"There is a time for everything,
and a season for every activity under heaven:
a time to be born and a time to die,
a time to plant and a time to uproot,
a time to kill and a time to heal,
a time to tear down and a time to build,
a time to weep and a time to laugh,
a time to mourn and a time to dance,
a time to scatter stones and a time to gather them,
a time to embrace and a time to refrain,
a time to search and a time to give up,
a time to keep and a time to throw away,
a time to tear and a time to mend,
a time to be silent and a time to speak,
a time to love and a time to hate,
a time for war and a time for peace."

Times change and we learn to change with them. Last year I changed teaching assignments. I put in a transfer from a junior high to an elementary school. This self-inflicted change brought with it an unexpected period of mourning, especially as the summer was ending. I thought, I'll miss my old friends. I'll miss the students. I'll miss the events and the routines I've grown to love...

I caught myself looking too long in the rear-view mirror, so I got the keys to my new room and started building some new memories. I still have the old memories, but they are not my constant focus. Sometimes when I'm driving, I notice a really good vista, in the rear-view mirror. I'll tell my wife to check her side mirror. We ooh and ahh for a moment, then we re-focus on the road ahead.

There is a time to look back, and there is a time to look forward. The past and the future deserve some consideration, but we must not forget... the only day we have for living is today. The house of mourning helps us realize what matters the most, what present moments to savor, and what choices to make... today.

My Dad would have been 80 on August 23rd. He died in 1996 about three weeks before my first wife. I visited Patti's grave yesterday. "Born 1952 - Died 1996." We picked out the gravestone before she died. (She had cancer.) We put my name on it too. (Not an idea I recommend in retrospect.) Your name may not be on a gravestone, yet, but if you're reading this... you are... living your dash... that little line between day of birth and day of death.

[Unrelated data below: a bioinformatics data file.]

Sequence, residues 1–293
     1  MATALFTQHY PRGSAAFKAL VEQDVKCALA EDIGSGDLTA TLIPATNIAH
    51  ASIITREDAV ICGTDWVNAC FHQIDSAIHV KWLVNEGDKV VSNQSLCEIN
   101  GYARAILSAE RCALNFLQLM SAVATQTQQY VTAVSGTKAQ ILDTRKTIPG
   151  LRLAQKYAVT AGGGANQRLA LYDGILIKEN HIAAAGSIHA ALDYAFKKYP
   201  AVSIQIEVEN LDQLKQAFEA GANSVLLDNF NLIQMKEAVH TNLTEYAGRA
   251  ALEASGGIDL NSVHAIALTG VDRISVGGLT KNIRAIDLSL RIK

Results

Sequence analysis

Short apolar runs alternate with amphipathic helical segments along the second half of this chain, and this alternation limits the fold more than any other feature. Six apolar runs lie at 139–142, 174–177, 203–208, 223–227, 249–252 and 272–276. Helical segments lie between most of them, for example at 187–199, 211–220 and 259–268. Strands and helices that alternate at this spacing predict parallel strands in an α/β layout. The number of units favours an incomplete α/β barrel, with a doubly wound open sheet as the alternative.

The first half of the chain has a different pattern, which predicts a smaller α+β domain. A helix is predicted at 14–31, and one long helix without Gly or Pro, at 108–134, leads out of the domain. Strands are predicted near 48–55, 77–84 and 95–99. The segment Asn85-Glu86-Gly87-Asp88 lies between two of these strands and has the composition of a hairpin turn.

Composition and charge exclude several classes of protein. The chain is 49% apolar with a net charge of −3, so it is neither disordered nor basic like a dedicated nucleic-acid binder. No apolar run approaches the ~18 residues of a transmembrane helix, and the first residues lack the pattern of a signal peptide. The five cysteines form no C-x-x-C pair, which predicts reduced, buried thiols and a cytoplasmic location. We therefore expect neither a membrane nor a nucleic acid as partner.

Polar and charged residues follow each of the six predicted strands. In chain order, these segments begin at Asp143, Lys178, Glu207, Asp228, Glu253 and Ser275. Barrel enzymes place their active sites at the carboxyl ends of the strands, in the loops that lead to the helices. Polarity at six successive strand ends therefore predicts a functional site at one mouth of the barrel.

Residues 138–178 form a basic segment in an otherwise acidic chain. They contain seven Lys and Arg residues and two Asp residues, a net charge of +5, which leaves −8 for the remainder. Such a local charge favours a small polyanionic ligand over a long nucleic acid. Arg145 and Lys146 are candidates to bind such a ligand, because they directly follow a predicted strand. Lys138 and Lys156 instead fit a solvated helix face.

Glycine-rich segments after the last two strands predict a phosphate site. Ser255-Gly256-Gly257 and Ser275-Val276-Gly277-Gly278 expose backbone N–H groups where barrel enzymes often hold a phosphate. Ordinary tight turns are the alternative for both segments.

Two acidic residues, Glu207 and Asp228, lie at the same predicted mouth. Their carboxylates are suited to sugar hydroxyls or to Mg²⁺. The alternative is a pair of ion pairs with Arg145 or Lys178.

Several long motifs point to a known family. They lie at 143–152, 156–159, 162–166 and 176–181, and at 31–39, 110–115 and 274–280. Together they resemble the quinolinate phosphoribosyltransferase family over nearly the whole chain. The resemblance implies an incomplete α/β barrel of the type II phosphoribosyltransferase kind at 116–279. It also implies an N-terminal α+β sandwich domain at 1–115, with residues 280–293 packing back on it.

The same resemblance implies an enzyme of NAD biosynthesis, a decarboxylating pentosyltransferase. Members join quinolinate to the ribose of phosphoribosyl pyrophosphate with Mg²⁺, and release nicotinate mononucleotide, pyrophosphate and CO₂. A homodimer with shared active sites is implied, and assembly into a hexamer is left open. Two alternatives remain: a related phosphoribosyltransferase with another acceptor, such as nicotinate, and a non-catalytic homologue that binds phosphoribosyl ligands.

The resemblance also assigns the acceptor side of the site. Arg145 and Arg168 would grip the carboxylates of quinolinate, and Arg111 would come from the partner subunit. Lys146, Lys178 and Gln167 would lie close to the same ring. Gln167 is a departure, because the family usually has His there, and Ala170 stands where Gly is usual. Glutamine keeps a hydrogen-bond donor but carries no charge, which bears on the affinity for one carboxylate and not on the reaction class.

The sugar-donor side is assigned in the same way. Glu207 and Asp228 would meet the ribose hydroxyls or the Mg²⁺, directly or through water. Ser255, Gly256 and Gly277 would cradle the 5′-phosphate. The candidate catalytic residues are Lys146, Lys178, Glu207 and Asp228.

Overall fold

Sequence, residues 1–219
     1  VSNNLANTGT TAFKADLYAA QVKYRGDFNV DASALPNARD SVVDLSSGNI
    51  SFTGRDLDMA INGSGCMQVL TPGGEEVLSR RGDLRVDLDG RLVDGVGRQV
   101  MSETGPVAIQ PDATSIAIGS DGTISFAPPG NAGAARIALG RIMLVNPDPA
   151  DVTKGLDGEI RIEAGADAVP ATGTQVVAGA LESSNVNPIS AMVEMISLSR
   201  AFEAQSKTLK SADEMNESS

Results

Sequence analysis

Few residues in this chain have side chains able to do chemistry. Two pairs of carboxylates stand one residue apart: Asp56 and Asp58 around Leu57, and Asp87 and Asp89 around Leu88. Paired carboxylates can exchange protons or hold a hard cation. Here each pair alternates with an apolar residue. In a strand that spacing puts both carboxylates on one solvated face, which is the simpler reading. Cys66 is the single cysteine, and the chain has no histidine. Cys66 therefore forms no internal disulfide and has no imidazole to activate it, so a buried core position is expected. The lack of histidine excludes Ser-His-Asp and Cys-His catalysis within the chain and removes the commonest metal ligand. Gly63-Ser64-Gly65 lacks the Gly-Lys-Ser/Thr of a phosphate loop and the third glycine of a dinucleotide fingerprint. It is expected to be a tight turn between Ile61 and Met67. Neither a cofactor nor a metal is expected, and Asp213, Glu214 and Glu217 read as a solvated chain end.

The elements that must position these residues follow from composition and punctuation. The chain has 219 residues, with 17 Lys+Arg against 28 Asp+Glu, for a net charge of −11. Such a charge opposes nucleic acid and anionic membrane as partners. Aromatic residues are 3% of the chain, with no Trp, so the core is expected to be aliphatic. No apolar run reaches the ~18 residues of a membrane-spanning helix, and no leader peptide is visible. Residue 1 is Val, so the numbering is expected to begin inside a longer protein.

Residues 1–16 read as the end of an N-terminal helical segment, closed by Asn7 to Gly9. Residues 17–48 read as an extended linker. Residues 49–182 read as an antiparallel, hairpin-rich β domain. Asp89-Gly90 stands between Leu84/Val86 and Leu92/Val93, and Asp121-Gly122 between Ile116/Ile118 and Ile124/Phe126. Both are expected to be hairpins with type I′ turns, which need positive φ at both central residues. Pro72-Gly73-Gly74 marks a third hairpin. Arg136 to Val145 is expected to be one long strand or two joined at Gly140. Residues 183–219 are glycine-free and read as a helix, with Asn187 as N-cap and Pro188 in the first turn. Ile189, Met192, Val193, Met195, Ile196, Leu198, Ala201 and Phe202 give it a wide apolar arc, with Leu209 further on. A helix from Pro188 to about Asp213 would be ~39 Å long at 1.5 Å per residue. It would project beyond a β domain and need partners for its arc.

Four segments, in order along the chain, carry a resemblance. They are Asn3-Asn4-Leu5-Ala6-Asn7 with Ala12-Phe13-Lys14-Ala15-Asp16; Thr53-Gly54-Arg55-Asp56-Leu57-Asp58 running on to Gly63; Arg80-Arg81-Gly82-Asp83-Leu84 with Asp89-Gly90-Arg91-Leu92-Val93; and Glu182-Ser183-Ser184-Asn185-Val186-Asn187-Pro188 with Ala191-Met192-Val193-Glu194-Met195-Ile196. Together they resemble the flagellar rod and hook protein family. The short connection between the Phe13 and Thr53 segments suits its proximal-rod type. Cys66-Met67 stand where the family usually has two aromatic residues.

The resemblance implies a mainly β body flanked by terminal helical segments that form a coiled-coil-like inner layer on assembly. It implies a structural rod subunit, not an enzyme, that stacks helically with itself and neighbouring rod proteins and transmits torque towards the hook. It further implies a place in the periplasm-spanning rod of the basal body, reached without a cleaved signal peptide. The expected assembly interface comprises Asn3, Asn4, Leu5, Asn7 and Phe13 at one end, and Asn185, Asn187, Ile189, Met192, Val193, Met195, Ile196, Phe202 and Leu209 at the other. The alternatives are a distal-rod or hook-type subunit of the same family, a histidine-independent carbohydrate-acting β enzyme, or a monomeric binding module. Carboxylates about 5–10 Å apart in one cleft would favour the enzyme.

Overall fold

So, as long as it is called today... live. the. dash. (Look forward.)

Tuesday, August 25, 2009

Encouraging words...

Yesterday I went to a funeral. A co-worker's wife passed away last week after a 10 year bout with cancer.

Having lost my first wife to cancer 12 years ago, I wanted to lend support, but I felt inadequate. However, I've learned not to let a sense of inadequacy stop me, so I went. An old hymn says, "We go in faith, our own great weakness feeling..."

My friend had told me six months ago that his wife's cancer had returned. We talked a bit, I gave him a hug and offered my "encouraging" words. At the reception, after the funeral, my friend informed someone that my words back then had helped him. What profundity had I shared? I had simply said, "It sucks."

Helping someone die is difficult. Watching your best friend and true love slowly evaporate sucks. It just does.

But then it ends. Death arrives and sorrow fully invades.

"Today is the worst day of my life. Don, just tell me everything's going to be okay." These were my friend's words just before the grave-side portion of the funeral as we hugged. I'm no liar... I paused... and I said in his ear, "Everything's going to be okay."

Life goes on. The worst day ends. New days come. Pain fades to ache.

Love never ends. Memories last. But eventually, everything is okay.

Those who have been bereaved unknowingly become members of what I call, "the fraternity of the broken-hearted." It's co-ed.

Encouraging words most often flow from a sense of compassion and care. Compassion is born through personal suffering.

The light of encouragement shines out not through the beautiful stained glass of our accomplishments, but the light of encouragement shines out through the cracks of our shattered humanity. A broken heart can be a good lamp.

I have believed... therefore I have spoken. God is good, but sometimes, life sucks.